Institut Méditerranéen d’Océanologie
Accueil du site > Nos résultats > Paru dans les médias > Publication MIO : Cryptic oxygen cycling in anoxic marine zones dans (...)

Publication MIO : Cryptic oxygen cycling in anoxic marine zones dans PNAS

Version imprimable de cet article

Auteurs : Emilio Garcia-Robledo, Cory C. Padilla, Montserrat Aldunate,, Frank J. Stewart, Osvaldo Ulloa, Aurélien Paulmier, Gerald Gregori (MIO) and Niels Peter Revsbech

Edited by David M. Karl, University of Hawaii, Honolulu, HI, and approved June 21, 2017 (received for review December 2, 2016


Anoxic marine zones (AMZs) create expansive habitats for microbes whose anaerobic metabolisms help drive global nutrient cycles, for example, by removing nitrogen from the oceans by producing N2 gas. AMZ cycles may also be shaped by oxygen intrusion from outside the AMZ, creating opportunities for aerobic microbial metabolisms. Here we show that aerobic processes in AMZs are linked to oxygen production within the anoxic zone. Oxygen is produced during daytime in a layer of photosynthetic cyanobacteria near the top of the AMZ and then rapidly consumed by aerobic processes without accumulating. Oxygen turnover and carbon fixation rates are comparable to those of microbial N2 production, suggesting an important role for internal oxygen cycling in AMZ transformations of matter and energy.


Oxygen availability drives changes in microbial diversity and biogeochemical cycling between the aerobic surface layer and the anaerobic core in nitrite-rich anoxic marine zones (AMZs), which constitute huge oxygen-depleted regions in the tropical oceans. The current paradigm is that primary production and nitrification within the oxic surface layer fuel anaerobic processes in the anoxic core of AMZs, where 30–50% of global marine nitrogen loss takes place. Here we demonstrate that oxygenic photosynthesis in the secondary chlorophyll maximum (SCM) releases significant amounts of O2 to the otherwise anoxic environment. The SCM, commonly found within AMZs, was dominated by the picocyanobacteria Prochlorococcus spp. Free O2 levels in this layer were, however, undetectable by conventional techniques, reflecting a tight coupling between O2 production and consumption by aerobic processes under apparent anoxic conditions. Transcriptomic analysis of the microbial community in the seemingly anoxic SCM revealed the enhanced expression of genes for aerobic processes, such as nitrite oxidation. The rates of gross O2 production and carbon fixation in the SCM were found to be similar to those reported for nitrite oxidation, as well as for anaerobic dissimilatory nitrate reduction and sulfate reduction, suggesting a significant effect of local oxygenic photosynthesis on Pacific AMZ biogeochemical cycling.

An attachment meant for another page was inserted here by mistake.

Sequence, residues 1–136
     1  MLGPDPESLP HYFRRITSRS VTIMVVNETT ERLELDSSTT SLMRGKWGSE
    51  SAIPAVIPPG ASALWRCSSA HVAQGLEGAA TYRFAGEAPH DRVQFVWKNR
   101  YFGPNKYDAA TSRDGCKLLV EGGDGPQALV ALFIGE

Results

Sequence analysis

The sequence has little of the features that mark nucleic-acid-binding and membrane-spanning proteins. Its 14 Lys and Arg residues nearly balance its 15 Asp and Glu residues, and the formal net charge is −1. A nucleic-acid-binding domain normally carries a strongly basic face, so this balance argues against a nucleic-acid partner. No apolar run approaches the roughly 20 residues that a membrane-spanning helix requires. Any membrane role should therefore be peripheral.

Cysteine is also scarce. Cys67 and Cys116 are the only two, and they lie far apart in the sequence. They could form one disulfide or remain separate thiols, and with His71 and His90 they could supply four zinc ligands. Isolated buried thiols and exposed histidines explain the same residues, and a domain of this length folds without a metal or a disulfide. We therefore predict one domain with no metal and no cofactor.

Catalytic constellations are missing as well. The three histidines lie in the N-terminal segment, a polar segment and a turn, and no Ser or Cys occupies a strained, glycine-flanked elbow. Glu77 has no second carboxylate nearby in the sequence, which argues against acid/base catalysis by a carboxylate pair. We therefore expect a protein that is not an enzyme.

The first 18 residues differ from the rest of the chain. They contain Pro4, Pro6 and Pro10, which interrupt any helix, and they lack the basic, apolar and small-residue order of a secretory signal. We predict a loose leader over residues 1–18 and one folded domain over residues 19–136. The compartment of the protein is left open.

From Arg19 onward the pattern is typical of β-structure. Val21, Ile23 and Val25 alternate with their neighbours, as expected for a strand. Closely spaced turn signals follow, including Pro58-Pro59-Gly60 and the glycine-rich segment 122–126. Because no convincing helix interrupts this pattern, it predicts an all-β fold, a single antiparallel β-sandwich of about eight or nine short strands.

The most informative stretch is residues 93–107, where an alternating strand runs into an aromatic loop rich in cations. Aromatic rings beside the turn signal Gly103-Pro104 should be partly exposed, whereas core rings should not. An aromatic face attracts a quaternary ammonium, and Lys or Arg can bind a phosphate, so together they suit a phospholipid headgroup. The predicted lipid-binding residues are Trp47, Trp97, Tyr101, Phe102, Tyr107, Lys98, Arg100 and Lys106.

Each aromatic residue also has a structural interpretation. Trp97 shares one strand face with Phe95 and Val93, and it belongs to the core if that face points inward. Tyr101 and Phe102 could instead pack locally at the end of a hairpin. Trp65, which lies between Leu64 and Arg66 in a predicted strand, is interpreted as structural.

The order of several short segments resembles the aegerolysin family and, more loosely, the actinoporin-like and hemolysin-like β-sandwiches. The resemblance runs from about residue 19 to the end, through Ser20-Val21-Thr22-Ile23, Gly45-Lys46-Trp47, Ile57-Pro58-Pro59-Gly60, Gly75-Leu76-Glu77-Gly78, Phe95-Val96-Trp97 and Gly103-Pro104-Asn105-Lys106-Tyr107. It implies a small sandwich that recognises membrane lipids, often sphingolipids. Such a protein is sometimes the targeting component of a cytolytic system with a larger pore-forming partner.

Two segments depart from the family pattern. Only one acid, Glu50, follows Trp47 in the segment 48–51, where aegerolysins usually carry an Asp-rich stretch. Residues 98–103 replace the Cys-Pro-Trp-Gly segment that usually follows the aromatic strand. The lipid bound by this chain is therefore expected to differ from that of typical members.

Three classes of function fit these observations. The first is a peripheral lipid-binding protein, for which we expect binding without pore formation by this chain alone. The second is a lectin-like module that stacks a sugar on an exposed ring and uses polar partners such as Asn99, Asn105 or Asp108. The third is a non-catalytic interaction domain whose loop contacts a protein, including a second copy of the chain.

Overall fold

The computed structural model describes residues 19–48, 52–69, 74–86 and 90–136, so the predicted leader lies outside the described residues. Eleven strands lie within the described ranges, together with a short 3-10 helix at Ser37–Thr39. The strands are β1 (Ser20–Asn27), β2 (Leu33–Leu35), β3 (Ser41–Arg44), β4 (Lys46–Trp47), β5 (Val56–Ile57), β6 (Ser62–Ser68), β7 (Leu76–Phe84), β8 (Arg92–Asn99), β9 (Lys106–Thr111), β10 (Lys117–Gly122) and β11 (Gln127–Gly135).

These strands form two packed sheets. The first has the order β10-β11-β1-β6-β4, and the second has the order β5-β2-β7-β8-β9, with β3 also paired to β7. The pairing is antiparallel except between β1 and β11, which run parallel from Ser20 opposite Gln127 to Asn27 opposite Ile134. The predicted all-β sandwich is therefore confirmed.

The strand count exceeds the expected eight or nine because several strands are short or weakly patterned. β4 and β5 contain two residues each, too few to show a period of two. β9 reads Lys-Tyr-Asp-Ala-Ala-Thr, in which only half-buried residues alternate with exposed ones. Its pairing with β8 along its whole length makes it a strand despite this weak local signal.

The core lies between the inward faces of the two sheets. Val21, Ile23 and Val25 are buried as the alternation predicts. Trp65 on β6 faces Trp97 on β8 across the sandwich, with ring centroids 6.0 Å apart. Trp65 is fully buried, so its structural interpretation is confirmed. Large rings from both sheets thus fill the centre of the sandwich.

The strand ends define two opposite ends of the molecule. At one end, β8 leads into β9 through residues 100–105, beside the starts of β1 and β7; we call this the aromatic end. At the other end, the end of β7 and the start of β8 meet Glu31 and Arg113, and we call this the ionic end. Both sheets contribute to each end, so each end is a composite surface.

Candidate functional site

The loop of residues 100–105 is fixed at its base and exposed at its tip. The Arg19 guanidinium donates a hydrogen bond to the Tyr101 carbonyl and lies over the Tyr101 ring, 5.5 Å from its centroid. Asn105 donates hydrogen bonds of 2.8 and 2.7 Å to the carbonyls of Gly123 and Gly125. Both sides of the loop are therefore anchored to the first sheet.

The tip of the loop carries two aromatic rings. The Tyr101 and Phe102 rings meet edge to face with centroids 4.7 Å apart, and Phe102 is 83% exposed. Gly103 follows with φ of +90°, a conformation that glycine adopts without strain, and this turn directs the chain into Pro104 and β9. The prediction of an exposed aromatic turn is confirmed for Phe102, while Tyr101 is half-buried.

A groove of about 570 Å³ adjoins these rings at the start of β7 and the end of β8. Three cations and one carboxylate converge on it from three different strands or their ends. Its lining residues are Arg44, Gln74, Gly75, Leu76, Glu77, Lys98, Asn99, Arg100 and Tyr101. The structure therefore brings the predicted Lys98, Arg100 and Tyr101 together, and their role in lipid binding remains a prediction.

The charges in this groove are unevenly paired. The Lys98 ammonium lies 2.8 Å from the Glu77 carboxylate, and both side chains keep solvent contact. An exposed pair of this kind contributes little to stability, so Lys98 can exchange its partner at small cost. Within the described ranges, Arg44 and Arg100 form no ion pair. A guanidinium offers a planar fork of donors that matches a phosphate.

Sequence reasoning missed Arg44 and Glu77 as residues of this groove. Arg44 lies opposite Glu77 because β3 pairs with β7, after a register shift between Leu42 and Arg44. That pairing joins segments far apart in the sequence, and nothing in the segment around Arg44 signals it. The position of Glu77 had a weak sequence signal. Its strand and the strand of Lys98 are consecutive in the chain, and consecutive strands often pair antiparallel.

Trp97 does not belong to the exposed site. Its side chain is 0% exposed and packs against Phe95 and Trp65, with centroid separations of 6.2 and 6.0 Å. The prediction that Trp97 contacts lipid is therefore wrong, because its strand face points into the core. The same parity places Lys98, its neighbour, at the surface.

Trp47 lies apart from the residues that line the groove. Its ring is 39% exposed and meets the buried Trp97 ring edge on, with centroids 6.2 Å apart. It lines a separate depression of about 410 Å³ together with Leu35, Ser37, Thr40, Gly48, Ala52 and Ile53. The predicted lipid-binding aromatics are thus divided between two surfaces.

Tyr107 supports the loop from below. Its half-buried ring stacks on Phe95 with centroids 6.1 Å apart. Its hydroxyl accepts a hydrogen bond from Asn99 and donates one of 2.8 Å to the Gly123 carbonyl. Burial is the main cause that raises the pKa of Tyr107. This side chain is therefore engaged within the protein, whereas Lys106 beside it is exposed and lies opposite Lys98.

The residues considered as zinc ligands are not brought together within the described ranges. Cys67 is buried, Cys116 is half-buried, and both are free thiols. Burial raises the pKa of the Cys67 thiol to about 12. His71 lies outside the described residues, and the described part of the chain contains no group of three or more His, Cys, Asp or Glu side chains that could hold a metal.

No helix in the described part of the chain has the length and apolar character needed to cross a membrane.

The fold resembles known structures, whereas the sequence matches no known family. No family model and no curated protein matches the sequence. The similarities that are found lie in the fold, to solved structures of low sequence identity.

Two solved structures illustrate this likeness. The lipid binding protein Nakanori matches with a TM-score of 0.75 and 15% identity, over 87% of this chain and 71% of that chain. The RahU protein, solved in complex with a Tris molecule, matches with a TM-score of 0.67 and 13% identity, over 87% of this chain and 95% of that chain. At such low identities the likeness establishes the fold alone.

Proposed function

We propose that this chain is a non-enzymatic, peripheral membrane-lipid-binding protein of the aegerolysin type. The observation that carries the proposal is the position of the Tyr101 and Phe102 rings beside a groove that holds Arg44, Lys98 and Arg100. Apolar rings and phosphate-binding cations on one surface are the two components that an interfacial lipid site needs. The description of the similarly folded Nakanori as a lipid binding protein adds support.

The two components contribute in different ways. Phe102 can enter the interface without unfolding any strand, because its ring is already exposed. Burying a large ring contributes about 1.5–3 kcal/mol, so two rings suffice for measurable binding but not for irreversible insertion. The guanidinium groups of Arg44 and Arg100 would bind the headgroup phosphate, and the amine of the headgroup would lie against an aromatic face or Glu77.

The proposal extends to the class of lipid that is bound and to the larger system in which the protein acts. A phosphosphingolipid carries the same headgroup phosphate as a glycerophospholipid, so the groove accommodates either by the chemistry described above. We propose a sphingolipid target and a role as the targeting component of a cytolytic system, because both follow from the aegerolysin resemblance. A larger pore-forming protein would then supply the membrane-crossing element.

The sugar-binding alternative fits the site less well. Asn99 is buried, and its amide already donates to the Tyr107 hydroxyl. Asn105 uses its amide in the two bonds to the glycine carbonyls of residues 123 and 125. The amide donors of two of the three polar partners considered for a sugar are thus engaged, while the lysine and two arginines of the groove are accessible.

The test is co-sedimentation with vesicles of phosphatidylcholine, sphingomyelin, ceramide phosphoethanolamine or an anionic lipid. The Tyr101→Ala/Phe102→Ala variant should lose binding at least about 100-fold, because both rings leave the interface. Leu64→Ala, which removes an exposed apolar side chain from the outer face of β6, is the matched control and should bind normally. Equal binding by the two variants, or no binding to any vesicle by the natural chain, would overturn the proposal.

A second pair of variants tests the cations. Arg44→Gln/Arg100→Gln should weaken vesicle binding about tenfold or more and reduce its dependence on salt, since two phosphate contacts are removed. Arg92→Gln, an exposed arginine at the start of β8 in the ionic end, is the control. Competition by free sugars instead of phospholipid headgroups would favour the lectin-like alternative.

Voir en ligne :